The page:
– Summary –
Director : Peyton Reed
Year Of Release : 2015
Principal Cast : Paul Rudd, Evangeline Lily, Michael Douglas, Corey Stoll, Bobby Cannavale, Michael Pena, Tip “TI” Harris, Anthony Mackie, Wood Harris, Judy Greer, David Dastmalchian, Abby Ryder Forston.
Approx Running Time : 117 Minutes
Synopsis: Armed with a super-suit with the astonishing ability to shrink in scale but increase in strength, cat burglar Scott Lang must embrace his inner hero and help his mentor, Dr. Hank Pym, plan and pull off a heist that will save the world.
Size doesn’t matter.
The Marvel steam-train just keeps on rolling along, delivering hit after hit for the comic enterprise, and although not having the rights to their successful X-Men saga (those belong to 20th Century Fox), the studio keeps throwing up oddball characters and the audiences keep on buying them. Ant-Man, a third-tier Marvel character, is given a solo film to deliver more Marvel fun, and although initially beset with problems during production (which famously saw original director Edgar Wright – who snags a producer’s credit on this film – leave the project before the camera rolled, citing creative differences) the end result of Peyton Reed’s efforts is one of sly fun, crazy effects and some cool adventure film-making that keeps isn’t the question mark everyone expected.
Hank Pym (Michael Douglas) works for SHIELD, who he discovers is trying to replicate his “Pym Particle” formula, a way of shrinking matter down to an atomic level. Resigning in disgust, Pym takes his technology with him. His protege, Darren Cross (Corey Stoll) continues to work on weaponizing the technology, leaving Pym with no choice but to recruit a cat-burglar, Scott Lang (Paul Rudd) to steal it from his former employers. Pym’s daughter, Hope (Evangeline Lily), works alongside Cross, spying on him for her father. Pym trains Lang to use the Ant-Man technology to infiltrate the lab and gather the intel, before Cross can use it to develop his Yellowjacket suit.
I admit, the casting of Paul Rudd filled me with doubt when Ant-Man was in pre-production; he’s a constant thorn in my comedic side in his regular roles for Judd Apatow’s films, as I find his “shtick” annoying. His casting, perhaps more than any other in the MCU, was one I disagreed with. More troubling was the departure of Edgar Wright from the project, a director I’ve long admired since his work on Shaun Of The Dead, and in truth I was – hell, still am – disappointed we don’t get to see his version of Marvel’s shrinking man. Yet, as much as we can wallow in wondering “what if” about a second-string Marvel character, Peyton Reed’s version is nothing to be scoffed at, or tossed aside lightly.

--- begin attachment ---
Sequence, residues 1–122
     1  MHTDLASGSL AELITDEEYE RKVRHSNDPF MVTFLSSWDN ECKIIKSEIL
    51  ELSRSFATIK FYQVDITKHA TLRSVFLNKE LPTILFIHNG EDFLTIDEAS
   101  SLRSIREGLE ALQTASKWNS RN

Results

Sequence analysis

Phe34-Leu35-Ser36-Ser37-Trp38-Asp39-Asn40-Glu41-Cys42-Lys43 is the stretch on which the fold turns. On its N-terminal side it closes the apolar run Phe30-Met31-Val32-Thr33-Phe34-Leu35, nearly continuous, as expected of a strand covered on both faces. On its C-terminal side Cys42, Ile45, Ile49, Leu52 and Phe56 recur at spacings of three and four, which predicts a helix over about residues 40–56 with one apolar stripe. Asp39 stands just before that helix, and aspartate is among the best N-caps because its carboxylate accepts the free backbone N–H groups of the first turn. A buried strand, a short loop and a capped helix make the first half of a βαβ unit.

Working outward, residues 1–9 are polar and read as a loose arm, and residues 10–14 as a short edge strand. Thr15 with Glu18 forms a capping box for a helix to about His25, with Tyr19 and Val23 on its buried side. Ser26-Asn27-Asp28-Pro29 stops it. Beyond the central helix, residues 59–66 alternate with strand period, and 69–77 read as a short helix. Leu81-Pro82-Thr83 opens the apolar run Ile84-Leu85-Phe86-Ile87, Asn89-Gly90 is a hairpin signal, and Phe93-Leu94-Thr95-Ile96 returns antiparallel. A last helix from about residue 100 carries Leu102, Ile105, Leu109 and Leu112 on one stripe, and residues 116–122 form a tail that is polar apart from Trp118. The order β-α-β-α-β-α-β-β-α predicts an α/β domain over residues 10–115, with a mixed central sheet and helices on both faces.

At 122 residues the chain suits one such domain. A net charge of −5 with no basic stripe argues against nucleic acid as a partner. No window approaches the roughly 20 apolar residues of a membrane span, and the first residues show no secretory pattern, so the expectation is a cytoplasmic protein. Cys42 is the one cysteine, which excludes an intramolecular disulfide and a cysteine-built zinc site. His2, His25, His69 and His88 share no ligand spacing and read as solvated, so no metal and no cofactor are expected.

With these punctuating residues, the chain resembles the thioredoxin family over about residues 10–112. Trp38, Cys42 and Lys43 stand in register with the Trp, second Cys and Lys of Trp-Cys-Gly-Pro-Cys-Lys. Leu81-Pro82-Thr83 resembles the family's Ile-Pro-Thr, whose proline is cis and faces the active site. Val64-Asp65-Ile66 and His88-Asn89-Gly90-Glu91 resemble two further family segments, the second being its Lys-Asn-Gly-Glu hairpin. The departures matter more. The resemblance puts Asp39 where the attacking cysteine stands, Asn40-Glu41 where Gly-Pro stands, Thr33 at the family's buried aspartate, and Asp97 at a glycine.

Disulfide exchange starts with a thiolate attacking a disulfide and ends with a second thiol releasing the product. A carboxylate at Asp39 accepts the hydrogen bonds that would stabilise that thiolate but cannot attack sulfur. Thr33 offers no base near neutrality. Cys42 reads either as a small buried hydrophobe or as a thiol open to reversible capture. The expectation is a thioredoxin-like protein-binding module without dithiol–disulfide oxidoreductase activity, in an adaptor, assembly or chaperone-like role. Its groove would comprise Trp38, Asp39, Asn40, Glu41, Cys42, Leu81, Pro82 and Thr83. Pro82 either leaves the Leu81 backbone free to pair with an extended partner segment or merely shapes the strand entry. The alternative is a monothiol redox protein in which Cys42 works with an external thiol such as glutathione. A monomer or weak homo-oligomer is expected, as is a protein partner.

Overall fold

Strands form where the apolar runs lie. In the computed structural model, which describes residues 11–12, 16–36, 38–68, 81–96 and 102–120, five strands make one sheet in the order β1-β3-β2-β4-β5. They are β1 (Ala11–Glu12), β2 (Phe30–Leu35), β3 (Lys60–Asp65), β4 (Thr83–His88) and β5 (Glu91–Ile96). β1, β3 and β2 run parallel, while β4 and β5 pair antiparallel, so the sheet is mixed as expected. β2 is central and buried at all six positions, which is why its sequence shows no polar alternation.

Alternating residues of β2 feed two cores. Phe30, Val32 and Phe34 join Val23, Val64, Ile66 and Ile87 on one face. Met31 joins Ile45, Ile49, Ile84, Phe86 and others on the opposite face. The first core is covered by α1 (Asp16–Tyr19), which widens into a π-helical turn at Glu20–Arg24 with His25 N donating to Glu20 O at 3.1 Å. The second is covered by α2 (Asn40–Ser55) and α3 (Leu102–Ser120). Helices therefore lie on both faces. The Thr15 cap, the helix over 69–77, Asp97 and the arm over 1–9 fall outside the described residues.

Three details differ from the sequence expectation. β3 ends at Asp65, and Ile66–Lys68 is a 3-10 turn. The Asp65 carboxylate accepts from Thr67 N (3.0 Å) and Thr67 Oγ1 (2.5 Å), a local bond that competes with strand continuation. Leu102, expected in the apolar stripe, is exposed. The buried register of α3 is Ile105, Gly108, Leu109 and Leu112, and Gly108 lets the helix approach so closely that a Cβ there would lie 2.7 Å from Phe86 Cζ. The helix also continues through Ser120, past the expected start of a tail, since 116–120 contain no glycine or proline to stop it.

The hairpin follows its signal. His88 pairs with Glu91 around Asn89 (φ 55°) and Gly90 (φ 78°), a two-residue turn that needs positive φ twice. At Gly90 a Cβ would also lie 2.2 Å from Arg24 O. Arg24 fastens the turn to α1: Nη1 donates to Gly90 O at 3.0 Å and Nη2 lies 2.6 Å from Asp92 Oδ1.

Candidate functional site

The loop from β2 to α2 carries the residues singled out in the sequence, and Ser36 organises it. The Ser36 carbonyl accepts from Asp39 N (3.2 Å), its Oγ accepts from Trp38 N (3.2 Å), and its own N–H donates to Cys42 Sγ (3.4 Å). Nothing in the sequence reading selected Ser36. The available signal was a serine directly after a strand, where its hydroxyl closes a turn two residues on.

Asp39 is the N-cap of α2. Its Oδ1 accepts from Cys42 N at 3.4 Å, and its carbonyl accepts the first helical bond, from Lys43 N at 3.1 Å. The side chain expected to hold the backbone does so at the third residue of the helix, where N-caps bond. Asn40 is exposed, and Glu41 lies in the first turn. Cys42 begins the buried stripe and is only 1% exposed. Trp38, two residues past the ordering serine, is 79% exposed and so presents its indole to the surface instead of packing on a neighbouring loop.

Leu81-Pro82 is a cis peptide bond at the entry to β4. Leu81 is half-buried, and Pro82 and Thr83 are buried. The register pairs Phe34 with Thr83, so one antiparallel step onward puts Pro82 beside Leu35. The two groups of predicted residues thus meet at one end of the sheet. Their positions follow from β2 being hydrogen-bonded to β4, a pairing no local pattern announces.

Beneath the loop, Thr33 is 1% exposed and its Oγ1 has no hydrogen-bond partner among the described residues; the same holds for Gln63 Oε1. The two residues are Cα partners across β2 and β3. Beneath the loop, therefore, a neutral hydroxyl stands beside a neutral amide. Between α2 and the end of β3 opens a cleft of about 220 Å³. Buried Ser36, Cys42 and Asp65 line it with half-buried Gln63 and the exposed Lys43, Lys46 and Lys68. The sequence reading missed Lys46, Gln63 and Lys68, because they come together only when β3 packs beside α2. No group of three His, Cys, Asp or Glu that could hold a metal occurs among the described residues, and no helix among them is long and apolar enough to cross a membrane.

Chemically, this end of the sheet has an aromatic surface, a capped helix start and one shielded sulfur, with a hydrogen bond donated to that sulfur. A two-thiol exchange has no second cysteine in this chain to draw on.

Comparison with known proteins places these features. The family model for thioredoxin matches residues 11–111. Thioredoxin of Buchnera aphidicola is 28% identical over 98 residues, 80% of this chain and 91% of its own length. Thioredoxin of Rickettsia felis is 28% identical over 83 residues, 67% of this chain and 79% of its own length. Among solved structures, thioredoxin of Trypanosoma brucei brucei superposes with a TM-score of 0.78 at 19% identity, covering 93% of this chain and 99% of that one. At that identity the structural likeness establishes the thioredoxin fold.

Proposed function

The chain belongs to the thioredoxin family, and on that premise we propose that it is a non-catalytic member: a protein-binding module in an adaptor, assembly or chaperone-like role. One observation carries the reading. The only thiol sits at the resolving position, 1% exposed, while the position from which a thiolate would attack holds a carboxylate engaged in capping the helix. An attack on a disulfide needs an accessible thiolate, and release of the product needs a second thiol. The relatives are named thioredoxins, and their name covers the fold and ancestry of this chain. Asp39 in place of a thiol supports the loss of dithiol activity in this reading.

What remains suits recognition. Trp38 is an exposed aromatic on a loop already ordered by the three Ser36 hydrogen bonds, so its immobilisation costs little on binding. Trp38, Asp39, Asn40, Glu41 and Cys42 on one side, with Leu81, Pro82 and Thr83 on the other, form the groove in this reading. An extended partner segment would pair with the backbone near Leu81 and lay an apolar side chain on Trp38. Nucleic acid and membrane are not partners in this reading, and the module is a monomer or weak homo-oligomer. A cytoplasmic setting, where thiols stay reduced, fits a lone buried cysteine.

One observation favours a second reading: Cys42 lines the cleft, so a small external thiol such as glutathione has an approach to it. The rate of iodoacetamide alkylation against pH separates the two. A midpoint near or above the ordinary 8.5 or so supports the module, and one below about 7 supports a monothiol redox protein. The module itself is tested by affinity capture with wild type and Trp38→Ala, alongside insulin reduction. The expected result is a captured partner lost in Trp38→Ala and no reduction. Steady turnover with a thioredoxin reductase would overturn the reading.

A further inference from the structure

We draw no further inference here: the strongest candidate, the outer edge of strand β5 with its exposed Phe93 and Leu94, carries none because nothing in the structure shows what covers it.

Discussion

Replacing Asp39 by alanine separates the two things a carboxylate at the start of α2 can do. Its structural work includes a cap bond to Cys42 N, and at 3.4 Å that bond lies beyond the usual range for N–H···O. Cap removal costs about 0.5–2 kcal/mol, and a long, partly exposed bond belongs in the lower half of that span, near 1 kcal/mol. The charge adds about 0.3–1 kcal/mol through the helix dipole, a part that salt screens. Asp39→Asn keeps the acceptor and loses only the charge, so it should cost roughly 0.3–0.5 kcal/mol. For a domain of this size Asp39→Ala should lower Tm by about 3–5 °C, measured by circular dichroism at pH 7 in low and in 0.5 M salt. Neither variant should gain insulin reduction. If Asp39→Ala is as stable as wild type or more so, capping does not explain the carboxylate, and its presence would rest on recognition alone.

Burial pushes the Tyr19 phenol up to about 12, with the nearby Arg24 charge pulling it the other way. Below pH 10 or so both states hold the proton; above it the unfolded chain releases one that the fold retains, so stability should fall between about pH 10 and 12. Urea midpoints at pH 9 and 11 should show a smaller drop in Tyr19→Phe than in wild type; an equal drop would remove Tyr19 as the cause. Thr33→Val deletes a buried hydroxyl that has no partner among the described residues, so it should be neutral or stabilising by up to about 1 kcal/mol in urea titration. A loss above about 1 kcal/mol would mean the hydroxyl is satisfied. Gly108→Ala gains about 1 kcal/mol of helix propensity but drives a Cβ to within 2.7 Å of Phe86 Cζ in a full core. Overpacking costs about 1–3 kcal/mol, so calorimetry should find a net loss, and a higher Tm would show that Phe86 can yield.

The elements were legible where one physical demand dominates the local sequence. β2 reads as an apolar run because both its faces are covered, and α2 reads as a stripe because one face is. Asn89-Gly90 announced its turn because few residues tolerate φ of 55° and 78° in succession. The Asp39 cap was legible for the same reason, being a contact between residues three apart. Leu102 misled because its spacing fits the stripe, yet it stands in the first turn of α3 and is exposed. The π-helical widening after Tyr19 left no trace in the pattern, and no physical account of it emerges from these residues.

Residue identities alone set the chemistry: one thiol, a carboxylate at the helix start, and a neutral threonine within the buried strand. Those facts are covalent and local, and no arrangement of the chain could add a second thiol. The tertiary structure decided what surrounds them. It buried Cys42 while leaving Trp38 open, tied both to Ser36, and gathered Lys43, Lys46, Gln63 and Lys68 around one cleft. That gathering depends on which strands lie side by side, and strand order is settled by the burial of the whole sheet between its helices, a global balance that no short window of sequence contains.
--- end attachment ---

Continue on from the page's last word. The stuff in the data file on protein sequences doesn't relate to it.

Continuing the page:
Led by Rudd, who makes the role his own and allays any fears I might have had about him, Ant-Man’s cast are up for the challenge. Michael Douglas looks to have recaptured the patriarchal form he seemed to have lost among films like And So It Goes and Last Vegas, and his portrayal of Hank Pym is one of the stronger elements of a film filled with them. Evangeline Lily, who was wasted in Peter Jackson’s Hobbit films, serves as a nice contrast to Scott Lang’s off-balance humor and self-referential deprecation, providing a toughness and steely reserve usually given to Marvel’s other two female stars, Black Widow and Agent Carter. Speaking of, Agent Carter’s Hayley Atwell has a nice cameo to open the film, as does Tony Stark’s father, Howard (John Slattery), while Avengers cast-mate The Falcon, Anthony Mackie, makes an amusing appearance midway through the film.